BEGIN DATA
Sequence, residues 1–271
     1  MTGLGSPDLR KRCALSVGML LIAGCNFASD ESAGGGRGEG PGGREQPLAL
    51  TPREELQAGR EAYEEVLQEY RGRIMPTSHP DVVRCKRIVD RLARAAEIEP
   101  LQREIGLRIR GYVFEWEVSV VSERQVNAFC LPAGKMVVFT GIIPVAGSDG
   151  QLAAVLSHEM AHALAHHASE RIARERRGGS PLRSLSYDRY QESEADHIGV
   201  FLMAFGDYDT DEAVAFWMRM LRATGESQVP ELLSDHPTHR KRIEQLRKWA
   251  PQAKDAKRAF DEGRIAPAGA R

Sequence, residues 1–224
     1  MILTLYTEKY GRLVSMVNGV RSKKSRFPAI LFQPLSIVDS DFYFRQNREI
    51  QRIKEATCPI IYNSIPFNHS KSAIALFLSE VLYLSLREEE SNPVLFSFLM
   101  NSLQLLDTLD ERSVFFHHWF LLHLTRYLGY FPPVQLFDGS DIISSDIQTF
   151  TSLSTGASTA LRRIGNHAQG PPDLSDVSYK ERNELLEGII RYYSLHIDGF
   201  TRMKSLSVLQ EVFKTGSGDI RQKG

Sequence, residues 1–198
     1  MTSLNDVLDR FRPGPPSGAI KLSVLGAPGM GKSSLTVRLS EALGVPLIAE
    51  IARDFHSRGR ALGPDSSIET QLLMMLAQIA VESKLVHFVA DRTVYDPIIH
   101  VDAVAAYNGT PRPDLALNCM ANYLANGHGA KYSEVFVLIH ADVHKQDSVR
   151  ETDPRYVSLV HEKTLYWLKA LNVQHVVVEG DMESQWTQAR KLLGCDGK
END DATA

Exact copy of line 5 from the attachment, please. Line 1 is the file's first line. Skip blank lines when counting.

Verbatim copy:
   151  QLAAVLSHEM AHALAHHASE RIARERRGGS PLRSLSYDRY QESEADHIGV